April 11, 2017
If you file for Chapter 7 bankruptcy in Arkansas, you can protect some or all of your property with Arkansas’ bankruptcy exemptions. The bankruptcy exemptions in Arkansas also play a role in Chapter 13 bankruptcy. Read on to learn about the property you can protect with Arkansas’ bankruptcy exemptions.
For a general overview of bankruptcy exemptions, see Bankruptcy Exemptions.
Arkansas is one of the states that allow debtors to choose between the Arkansas exemptions and the federal bankruptcy exemptions. You'll want to review both sets of exemptions and pick those that better protect your assets.
Married couples filing a joint bankruptcy in Arkansas can double the exemption amounts (except for the homestead exemption). Doubling allows each spouse to claim the full exemption amount for any property in which the spouse has an ownership interest. For instance, if both spouses own an item and they file jointly, they can double the amount of the applicable exemption to otherwise protect twice that item’s value.
Here are some of the more common exemptions available under Arkansas law. Unless otherwise indicated, all references are to the Arkansas Code Annotated or the Arkansas Constitution.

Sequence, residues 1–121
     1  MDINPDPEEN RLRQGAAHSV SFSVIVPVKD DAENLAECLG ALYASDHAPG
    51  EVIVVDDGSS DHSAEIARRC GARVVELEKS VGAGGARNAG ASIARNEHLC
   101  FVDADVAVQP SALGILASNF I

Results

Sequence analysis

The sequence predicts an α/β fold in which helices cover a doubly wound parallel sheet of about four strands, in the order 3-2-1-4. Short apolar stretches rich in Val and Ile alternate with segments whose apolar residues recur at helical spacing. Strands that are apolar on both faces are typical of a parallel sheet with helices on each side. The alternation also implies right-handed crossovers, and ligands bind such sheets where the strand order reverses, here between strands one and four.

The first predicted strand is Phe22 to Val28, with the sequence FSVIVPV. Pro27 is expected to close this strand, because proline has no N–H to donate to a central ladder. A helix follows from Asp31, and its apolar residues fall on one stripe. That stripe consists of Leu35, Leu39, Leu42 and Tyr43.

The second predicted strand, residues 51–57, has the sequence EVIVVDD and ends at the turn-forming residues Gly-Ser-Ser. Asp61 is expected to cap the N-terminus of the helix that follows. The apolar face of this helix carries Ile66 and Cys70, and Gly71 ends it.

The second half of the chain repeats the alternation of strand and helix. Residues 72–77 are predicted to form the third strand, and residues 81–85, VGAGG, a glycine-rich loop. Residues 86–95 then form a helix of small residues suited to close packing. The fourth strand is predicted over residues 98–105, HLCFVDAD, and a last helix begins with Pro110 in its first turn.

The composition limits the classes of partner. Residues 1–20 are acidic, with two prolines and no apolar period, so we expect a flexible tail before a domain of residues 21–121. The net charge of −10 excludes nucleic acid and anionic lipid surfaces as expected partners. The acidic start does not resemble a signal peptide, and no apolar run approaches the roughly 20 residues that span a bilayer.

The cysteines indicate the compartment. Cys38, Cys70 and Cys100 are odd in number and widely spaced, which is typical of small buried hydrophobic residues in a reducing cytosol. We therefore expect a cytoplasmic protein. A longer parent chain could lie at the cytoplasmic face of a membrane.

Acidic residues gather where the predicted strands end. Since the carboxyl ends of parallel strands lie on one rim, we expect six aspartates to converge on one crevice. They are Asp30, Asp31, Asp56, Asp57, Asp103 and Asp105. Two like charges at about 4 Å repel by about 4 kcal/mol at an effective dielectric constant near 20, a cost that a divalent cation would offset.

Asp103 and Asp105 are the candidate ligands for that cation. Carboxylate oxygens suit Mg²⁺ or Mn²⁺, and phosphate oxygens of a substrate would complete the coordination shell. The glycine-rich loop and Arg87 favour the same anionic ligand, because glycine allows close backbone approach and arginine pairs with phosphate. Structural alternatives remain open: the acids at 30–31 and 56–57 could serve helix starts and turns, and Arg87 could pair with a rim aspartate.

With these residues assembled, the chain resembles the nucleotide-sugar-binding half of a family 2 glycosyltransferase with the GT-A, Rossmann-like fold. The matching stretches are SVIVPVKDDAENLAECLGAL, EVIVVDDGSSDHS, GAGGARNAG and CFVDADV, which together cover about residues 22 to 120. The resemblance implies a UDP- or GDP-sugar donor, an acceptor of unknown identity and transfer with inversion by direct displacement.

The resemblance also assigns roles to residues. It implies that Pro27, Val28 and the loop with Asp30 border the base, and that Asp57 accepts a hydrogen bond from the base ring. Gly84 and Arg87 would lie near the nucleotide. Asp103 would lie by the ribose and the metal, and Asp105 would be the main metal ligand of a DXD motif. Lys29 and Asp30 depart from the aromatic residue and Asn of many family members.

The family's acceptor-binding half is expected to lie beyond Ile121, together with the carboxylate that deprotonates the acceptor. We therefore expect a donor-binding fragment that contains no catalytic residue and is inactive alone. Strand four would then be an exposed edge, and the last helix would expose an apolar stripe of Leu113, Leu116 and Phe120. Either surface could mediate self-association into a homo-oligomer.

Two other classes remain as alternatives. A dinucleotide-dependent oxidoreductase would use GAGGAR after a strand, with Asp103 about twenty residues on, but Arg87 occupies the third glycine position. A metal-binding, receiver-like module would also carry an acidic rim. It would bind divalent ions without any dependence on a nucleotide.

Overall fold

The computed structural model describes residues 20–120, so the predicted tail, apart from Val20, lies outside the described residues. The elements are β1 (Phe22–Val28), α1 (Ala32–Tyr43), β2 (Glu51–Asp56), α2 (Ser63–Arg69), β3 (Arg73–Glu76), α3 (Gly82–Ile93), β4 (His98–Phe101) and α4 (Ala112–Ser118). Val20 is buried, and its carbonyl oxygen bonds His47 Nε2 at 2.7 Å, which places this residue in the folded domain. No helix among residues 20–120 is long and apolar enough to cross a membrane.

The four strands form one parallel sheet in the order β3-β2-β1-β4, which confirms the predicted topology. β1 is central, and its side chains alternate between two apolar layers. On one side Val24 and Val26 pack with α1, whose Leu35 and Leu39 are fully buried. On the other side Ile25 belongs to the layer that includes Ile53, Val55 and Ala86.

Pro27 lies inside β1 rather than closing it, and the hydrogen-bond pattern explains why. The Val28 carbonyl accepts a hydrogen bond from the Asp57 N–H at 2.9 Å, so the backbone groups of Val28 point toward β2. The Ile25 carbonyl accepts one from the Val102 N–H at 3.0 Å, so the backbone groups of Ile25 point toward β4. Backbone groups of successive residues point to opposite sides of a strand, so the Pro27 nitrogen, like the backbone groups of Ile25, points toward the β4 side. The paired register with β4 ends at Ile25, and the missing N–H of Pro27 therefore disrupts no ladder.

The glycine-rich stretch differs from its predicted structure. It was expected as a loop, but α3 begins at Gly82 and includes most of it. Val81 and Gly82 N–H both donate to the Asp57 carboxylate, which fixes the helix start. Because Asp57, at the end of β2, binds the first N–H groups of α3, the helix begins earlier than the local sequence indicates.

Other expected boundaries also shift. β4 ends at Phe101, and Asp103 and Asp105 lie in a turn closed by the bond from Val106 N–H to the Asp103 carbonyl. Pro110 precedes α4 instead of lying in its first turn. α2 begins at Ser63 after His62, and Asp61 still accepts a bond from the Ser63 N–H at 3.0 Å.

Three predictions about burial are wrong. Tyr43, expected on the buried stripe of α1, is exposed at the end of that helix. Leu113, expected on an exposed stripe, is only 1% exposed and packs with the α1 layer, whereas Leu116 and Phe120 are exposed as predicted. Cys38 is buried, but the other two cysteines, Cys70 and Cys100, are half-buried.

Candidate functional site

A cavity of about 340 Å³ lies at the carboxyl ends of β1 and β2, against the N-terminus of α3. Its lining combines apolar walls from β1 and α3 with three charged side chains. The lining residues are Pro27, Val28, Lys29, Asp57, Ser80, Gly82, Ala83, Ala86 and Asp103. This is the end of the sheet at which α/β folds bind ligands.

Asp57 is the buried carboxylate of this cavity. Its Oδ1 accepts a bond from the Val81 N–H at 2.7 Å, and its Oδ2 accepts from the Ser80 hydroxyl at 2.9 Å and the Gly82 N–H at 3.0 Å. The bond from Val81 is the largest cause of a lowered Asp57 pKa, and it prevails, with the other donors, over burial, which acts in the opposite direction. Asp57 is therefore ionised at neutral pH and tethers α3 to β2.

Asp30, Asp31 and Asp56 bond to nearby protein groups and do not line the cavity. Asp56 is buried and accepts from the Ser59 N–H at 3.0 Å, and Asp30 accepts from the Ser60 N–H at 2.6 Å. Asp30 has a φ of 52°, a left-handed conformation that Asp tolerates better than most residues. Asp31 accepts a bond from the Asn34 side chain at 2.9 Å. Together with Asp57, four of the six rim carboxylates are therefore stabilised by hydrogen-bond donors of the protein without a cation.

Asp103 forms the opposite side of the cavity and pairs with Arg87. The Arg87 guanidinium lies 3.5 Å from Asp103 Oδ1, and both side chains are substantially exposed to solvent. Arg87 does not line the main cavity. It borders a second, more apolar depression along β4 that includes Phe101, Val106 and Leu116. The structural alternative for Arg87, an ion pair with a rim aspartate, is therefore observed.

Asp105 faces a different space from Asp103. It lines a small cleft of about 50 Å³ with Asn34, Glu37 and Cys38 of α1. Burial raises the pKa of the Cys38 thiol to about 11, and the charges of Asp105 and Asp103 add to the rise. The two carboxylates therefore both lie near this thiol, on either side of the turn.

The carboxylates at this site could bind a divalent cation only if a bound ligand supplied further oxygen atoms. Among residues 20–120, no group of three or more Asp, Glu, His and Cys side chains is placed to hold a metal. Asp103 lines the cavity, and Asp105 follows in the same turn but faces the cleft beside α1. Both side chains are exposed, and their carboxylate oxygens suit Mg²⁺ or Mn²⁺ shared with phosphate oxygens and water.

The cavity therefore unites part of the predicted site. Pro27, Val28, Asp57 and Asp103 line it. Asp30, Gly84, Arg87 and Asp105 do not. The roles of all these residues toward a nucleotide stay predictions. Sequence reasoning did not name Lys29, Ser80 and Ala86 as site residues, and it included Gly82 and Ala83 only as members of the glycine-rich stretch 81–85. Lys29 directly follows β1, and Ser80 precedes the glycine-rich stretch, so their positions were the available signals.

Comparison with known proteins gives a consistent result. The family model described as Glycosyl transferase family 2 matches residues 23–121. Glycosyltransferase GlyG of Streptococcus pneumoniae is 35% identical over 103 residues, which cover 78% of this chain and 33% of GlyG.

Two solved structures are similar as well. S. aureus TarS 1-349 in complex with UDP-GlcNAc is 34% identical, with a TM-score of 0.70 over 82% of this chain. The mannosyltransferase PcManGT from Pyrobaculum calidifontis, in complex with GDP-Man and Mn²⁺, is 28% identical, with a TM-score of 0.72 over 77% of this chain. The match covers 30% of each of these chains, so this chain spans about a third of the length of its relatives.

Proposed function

The homestead exemption protects equity in real property that you use as your residence. In Arkansas, you can keep an unlimited amount of equity in 80 rural acres or one quarter urban acre. If the land isn’t worth $2,500, you can increase the acreage up to 160 rural acres and one urban acre, up to a total equity value of $2,500 in value. Widows and surviving minor children can protect 100% of the property value. (Ark. Const. Art. 9 §§ 3, 4, 5, 6; Ark. Code Ann. §§ 16-66-210, 212, 218.)
You'll be allowed to keep all of your clothing. A single person who is not the head of the family can keep $200 worth of any other type of property. The amount increases up to $500 for a married person or head of the family. (Ark. Const. Art. 9 §§ 1 and 2, Ark. Code Ann. § 16-66-218.)
You'll likely be able to claim additional exemptions, as well, including:
You might be able to protect additional property. You should consult with a bankruptcy lawyer who is familiar with the local practice in your area.